The Science of Microwave Sintering

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ceramic-industry-ride-the-waveOur microSinterWave continuous oven technology was featured in a 2008 article in Ceramic Industry Magazine. The article indicated that high temperature microwave sintering can be faster, greener and cheaper than conventional heating technologies, and that in addition to substantial economic advantages of faster processing times and less energy usage, the final products have comparable or even better mechanical properties than those which are traditionally heated.

The difference between an industrial microwave and a cooking-type home microwave is all about the temperatures involved, and the ability of consumer and even commercial kitchen microwave components to withstand temperatures above those produced by traditional kitchen ovens (about 500 degrees fahrenheit). With the new sophisticated breed of high temperature furnaces such as the microSinterWave line of products, industrial components can handle heat as high as 1600 degrees centigrade (3000 degrees fahrenheit).

The report indicated that many companies are exploring the use of microwaves to sinter their parts because of their "green" nature. For most applications, microwave furnaces focus their energy directly on the parts to be sintered, not on the atmostphere and the surrounding walls. Energy-efficient microwave furnaces produce a significantly smaller carbon footprint compared to electric- or gas-powered air chamber furnaces, producing and less pollutants and reducing the overall cost and carbon-footprint of each finished product that is sintered in these ovens.

Microwave energy operates differently on different types of matierals. Zirconia, for instance, does not couple with microwave energy at room temperature, so other companies have employed either microwave assisted technology or a hybrid design, where air-chamber heating is used first, followed by full microwave finishing. With our smaller tabletop microSinterWave ovens, we use low-tempature microwave energy to heat up susceptors embedded in the crucible which accelerates the heating at lower temperatures, thus kickstarting the zirconia to a higher temperature where it becomes more susceptable and can bond directly with the microwave energy. While hybrid designs have been used to cut processing times and energy costs by 50%, our 100% microwave solution is significantly faster and greener, resulting in 70-90% quicker processing times and 80% energy savings, compared to traditional furnaces.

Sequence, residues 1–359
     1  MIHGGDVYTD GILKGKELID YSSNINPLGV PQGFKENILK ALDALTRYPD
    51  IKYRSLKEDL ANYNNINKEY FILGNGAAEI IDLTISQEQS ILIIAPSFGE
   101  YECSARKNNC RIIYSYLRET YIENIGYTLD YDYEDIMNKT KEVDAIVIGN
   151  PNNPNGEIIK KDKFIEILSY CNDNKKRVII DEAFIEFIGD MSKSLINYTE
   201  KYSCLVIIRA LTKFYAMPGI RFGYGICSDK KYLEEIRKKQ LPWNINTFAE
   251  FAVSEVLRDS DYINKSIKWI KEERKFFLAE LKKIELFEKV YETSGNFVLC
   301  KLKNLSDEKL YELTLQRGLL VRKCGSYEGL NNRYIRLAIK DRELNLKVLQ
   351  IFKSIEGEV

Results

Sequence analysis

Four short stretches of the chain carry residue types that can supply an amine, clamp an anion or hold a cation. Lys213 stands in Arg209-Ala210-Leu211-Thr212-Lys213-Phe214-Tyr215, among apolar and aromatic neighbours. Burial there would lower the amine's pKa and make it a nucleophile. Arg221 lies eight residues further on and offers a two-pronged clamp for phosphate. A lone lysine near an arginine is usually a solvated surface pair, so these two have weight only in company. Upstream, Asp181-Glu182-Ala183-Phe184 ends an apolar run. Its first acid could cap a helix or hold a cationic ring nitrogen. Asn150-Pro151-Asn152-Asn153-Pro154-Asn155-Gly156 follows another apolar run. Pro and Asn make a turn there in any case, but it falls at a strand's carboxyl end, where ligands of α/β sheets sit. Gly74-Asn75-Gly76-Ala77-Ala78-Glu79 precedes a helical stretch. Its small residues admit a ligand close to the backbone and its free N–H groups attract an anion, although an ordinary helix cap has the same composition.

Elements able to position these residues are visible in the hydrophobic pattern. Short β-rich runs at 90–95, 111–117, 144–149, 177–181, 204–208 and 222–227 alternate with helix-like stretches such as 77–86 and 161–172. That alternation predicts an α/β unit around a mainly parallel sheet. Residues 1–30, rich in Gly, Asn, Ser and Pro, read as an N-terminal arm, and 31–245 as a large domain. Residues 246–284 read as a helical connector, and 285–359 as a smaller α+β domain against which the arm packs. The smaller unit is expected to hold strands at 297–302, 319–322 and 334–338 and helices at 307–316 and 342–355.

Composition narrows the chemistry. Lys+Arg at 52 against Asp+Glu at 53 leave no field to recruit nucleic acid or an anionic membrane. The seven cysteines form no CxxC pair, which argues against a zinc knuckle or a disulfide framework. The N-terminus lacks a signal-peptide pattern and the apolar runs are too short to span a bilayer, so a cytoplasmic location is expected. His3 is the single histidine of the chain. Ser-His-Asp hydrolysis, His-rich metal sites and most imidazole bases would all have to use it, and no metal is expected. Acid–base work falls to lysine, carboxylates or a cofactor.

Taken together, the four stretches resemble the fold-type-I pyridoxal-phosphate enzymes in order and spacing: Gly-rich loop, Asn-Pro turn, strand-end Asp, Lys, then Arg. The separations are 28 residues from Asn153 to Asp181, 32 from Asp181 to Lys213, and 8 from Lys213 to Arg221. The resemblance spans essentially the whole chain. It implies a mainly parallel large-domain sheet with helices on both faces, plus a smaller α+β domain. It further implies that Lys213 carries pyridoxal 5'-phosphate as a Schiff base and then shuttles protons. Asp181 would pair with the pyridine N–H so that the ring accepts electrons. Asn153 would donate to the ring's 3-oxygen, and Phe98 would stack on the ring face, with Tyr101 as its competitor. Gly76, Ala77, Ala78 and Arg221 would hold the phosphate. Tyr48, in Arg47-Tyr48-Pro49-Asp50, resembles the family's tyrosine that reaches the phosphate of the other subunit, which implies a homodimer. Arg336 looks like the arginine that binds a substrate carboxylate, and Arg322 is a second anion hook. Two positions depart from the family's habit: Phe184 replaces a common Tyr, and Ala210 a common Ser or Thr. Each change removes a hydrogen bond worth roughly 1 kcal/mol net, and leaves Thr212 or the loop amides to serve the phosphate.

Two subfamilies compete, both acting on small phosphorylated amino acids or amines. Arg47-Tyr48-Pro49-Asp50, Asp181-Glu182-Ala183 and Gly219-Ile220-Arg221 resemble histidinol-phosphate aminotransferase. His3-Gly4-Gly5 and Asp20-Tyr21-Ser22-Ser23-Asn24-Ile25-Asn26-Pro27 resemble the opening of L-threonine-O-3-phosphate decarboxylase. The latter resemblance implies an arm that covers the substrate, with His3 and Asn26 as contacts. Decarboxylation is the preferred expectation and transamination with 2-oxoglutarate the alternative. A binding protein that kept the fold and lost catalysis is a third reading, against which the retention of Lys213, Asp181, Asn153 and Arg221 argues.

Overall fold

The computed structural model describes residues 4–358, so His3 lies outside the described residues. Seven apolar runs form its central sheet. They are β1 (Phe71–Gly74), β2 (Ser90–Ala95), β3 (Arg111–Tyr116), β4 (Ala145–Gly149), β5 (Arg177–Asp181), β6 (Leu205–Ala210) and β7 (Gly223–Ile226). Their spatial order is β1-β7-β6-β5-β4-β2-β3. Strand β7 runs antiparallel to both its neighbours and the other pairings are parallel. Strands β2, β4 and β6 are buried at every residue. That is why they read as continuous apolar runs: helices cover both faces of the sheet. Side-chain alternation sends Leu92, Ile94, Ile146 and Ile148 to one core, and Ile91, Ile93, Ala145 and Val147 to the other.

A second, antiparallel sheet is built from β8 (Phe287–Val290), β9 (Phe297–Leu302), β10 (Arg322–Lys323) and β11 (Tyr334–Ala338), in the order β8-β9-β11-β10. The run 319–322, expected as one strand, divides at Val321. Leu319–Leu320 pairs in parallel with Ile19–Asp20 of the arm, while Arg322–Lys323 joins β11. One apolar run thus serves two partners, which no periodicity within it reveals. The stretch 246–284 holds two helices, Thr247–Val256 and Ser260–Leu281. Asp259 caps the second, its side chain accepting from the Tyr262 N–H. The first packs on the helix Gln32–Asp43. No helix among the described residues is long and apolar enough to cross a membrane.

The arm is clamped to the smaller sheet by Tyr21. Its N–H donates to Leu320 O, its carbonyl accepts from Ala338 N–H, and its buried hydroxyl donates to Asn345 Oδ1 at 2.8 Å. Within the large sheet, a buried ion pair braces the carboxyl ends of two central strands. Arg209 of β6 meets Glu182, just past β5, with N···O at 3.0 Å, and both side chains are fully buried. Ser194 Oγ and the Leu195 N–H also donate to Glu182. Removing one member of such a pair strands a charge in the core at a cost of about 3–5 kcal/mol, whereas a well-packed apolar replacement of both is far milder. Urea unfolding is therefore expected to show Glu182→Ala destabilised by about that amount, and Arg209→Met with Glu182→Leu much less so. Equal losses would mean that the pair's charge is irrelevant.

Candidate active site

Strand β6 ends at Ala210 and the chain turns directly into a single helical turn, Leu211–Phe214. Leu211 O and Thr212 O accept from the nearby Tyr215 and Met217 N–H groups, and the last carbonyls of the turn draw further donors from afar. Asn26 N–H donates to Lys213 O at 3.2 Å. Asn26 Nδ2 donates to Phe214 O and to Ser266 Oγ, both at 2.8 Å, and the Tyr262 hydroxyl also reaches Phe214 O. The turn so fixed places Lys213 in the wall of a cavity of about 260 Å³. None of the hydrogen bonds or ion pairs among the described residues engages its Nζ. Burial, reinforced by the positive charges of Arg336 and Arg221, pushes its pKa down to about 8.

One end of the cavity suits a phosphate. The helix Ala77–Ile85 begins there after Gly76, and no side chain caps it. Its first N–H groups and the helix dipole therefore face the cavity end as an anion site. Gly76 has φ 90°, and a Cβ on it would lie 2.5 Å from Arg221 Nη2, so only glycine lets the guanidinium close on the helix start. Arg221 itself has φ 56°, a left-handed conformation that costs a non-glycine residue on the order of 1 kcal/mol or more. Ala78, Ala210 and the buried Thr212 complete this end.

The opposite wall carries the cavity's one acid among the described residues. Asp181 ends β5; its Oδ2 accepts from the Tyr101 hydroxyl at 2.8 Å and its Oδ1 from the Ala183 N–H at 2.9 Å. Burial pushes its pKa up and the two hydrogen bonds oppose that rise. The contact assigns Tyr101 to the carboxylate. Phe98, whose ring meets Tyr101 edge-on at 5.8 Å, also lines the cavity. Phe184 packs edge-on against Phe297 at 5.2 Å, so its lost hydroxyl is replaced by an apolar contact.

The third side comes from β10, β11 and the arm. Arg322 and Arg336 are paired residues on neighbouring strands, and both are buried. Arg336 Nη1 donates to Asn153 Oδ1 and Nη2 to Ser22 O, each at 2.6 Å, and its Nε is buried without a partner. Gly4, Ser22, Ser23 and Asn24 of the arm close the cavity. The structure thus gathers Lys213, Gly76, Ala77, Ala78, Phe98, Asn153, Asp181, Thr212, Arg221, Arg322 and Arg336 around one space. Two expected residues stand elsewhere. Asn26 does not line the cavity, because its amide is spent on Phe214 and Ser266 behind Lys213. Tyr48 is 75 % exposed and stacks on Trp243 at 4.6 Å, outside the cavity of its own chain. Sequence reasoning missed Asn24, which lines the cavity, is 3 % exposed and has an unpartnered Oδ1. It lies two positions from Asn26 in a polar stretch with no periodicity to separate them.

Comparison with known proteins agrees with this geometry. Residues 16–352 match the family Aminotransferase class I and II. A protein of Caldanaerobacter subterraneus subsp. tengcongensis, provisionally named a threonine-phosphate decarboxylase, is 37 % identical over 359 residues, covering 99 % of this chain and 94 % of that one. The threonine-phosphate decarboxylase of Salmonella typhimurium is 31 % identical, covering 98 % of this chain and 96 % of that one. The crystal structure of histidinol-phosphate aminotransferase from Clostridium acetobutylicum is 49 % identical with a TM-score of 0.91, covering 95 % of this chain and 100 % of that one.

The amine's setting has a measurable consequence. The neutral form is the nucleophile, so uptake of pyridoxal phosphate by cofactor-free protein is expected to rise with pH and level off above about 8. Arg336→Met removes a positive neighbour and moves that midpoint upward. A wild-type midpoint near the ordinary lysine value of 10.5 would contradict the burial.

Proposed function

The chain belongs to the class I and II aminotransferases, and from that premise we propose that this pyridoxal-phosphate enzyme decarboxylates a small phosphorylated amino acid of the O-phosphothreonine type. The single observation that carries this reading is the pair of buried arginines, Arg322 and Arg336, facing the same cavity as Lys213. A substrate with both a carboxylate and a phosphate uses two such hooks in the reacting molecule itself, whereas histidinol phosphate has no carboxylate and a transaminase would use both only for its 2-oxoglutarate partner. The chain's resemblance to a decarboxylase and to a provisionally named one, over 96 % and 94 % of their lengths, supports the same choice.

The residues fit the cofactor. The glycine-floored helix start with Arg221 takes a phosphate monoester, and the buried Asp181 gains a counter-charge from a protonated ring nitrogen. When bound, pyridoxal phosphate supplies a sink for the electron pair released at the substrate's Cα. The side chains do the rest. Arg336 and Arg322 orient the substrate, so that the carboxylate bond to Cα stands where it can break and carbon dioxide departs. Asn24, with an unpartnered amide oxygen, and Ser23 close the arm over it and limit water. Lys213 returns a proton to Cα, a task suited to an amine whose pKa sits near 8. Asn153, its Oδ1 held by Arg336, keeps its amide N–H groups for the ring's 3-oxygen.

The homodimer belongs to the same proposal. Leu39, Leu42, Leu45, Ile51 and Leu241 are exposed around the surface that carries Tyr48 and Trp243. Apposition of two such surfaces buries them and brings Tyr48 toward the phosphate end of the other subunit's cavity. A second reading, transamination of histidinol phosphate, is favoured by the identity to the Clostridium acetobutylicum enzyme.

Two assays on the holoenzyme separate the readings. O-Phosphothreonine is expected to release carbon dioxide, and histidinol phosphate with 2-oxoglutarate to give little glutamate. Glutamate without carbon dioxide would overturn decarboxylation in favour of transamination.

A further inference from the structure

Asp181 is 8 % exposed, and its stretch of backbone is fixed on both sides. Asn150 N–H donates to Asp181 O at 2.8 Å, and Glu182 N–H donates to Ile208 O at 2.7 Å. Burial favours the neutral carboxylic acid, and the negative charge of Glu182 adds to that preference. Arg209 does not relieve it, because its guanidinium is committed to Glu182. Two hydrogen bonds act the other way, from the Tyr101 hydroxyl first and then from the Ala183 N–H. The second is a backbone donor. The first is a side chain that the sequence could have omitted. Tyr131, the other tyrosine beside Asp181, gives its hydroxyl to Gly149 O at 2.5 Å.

Using a microwave for sintering can also produce improved product quality with finer finished grain sizes, higher density, better corrosion resistance, and superior bending strength. Initially, we are seeing the largest unit application of this technology in bio-ceramics, including dental laboratories which use the technology to sinter Zirconia copings and frameworks, but this technology can also be used to sinter any of the high-temperature ceramics or parts made of "hard metals." Because of the improved matierial properties, quicker production times and lower energy costs, in the past few years, we have seen high temperature microwave technology employed at a large scale in manufacture and finishing of advanced ceramic-carbide wear parts, electro-ceramics, and even moving to new industries, such as metallurgy, material synthesis, and high temperature chemistry applications. We have even seen some pretty amazing work on using microwave sintered capsules to seal in toxic and radioactive materials for waste remediation.

Microwave energy is not only the technology of tomorrow, but at least for the dental lab industry, which can produce massive zirconia production from a single table-top unit, it is also the leading technology of today. With a smaller physical footprint than traditional furnaces and a substantially smaller carbon footprint, microwave furnace technology offers lower costs per unit for zirconia copings and framework, making it a greener and friendlier technology for any company looking to replace their existing equipment or to expand their production.

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